our own experience with hands-on experiments and the ‘improvements’ found, as well as on • completely redesigned experiments based on new materials (e.g. Teflon, Velcro tape, GoreTex) and modern devices from everyday life (e.g. electric toothbrush, audio CD, cellular phone, airbag sensor). We consider these experiments to be low-cost and high-tech. The introduction of the high-tech aspect to the traditional understanding of lowcost experiments is proposed because the role of hands-on experiments has changed in recent years to become more and more important in terms of motivation, explanation and simplification. As an example: the trajectory of a thrown balloon will illustrate the effects of friction, after having discussed the ideal trajectory with a computer simulation. Four experiments will be presented on the following pages. The instructions follow a straightforward format: the tabulated heading contains information about the area of physics being discussed, about the level of experience necessary to conduct the experiment in order to achieve the greatest advantage, and about the time necessary to prepare and actually perform

the experiment†. These experiments cover four different areas: • traditional hands-on, low-cost experiments (three-dimensional magnetic field), • new materials (contact lenses), • new technologies (airbag), • the integration of all three: traditional materials, new materials and new technologies (audio CD as a spectrometer). About 60 low-cost, high-tech experiments covering subjects from table 1 have been developed in detail in the same manner as the examples presented above. The entire discussion can be found in various theses (Staatsexamensarbeiten), which resulted from the project. In addition, about 20 experiments have been evaluated in didactically oriented seminars (one seminar per semester). The overall results of the developments will be published in a book in the near future.

Example 1. The three-dimensional magnetic field school level general theme special theme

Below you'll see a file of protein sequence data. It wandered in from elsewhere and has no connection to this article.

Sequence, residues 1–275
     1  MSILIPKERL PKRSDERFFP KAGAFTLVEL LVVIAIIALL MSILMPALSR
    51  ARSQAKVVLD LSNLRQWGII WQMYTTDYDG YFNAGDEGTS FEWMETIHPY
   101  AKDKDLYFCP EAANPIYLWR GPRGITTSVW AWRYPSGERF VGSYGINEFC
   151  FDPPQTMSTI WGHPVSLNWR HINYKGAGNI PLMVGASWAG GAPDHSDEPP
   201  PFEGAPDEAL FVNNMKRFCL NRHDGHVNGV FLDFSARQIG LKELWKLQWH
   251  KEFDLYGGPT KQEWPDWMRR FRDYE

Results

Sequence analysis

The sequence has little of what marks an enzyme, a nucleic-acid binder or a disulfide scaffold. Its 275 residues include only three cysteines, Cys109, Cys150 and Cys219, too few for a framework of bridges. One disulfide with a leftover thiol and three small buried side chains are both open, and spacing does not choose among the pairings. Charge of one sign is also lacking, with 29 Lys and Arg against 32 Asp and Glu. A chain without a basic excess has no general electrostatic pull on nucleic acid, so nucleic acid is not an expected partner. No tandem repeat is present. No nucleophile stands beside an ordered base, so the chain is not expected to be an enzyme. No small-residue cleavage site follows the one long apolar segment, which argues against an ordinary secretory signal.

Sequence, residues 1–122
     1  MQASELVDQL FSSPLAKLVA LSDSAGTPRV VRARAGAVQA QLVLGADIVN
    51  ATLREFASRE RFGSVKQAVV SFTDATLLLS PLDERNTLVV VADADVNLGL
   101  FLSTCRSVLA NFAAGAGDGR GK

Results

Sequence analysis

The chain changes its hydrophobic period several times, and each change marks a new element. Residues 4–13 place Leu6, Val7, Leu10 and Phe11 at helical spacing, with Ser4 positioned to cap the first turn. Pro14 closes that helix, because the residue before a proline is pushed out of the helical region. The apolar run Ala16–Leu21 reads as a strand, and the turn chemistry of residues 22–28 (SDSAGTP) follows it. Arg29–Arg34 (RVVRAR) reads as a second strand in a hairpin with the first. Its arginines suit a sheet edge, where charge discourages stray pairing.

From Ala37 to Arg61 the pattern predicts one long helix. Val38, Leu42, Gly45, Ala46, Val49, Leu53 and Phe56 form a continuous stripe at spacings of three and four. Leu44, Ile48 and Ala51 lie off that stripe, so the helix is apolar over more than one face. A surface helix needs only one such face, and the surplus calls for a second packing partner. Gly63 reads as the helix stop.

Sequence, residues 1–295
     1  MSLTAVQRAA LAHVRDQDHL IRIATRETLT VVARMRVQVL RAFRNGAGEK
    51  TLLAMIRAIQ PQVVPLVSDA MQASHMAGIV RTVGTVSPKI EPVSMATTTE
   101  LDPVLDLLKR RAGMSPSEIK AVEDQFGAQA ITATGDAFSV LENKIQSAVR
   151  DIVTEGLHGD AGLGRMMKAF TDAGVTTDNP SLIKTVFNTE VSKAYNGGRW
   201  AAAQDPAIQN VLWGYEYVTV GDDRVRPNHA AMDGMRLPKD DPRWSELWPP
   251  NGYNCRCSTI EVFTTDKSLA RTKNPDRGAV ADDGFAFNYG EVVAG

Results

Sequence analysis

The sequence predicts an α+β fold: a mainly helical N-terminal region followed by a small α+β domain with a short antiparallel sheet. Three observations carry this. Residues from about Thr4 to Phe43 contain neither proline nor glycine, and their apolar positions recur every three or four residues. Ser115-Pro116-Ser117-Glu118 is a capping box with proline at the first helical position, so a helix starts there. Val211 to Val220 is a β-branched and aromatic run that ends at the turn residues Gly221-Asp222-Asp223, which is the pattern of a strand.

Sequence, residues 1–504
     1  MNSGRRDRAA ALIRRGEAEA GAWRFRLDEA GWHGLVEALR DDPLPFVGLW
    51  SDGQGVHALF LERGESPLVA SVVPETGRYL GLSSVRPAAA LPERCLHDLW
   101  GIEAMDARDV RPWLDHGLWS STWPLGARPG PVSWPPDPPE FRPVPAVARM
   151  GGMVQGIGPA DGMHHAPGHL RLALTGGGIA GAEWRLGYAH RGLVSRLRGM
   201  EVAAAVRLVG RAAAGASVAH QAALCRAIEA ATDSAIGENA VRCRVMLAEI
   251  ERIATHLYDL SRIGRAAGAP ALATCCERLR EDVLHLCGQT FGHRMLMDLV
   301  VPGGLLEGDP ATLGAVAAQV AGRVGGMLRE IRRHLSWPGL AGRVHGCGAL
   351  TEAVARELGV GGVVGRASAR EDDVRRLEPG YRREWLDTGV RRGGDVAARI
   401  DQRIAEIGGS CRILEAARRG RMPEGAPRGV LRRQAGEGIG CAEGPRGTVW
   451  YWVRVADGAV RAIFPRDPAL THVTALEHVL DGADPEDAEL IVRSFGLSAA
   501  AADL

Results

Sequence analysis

secondary magnetism ferromagnetism field lines

theoretical level practical level preparation experiment

 5 min 15 min

A three-dimensional magnetic field is made visible by iron filings. Materials • • •

an empty jam jar or pickling jar which can be tightly sealed a bar magnet, with length equal to the radius of the jar paraffin oil, approximately 1 litre = volume of the vessel

† The theoretical level necessary to understand the physics is denoted by the symbol , the practical level by . There are from one to three symbols, one meaning easy and three rather difficult.

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NEW APPROACHES Table 1. Topics of low-cost, high-tech experiments.


New techniques

New materials

ABS (anti-lock braking system) airbag sensor autofocus camera barcode reader camera flash car tyres winter & summer asymmetrical CD Walkman central locking system coin sorter computer mouse computerized tomography electric Christmas candle electric toothbrush firecrackers forgery identifier garbage sorting mechanical electromagnetic density of material glass cutter household techniques toaster (pyrometer) microwave oven IR motion detector IR remote control (TV) joystick LCD (liquid crystal display) LED (light-emitting diode) level control loudspeaker electrostatic speaker piezoelectric metal detector magnetic tools mobile phone photocopier Xerox principle thermostatic principle piezo fuse pocket calculator radar emitters & detectors radio-controlled clock signature reader smoke detector thermometer electrical IR radiation touch-sensitive switches touchscreen ultrasonic cleaning bath echo sounder/bats/sonography parking distance sensor

aluminium foil aluminium tin cans (anti-)reflective coatings bubble-gum wrappers building materials catalyser CD (compact disk) ceramics contact lenses drink mixes fibreglass Gore-Tex/Sympatex glasses phototropic (self-darkening) sunglasses/UV protection high-Tc superconductor in-line skates insulated windows IR sensor foil jewelry Brinell hardness colors/absorption/polarization/interference piezoeffect laser pointer lavalamp liquid crystals electrosensitive thermosensitive magic blackboard magnetic liquids metallic coatings memory metal packing & insulating material polarizing foil razor blade reflecting oil shark’s skin surface-coated glasses text marker/UV colours (fluorescence)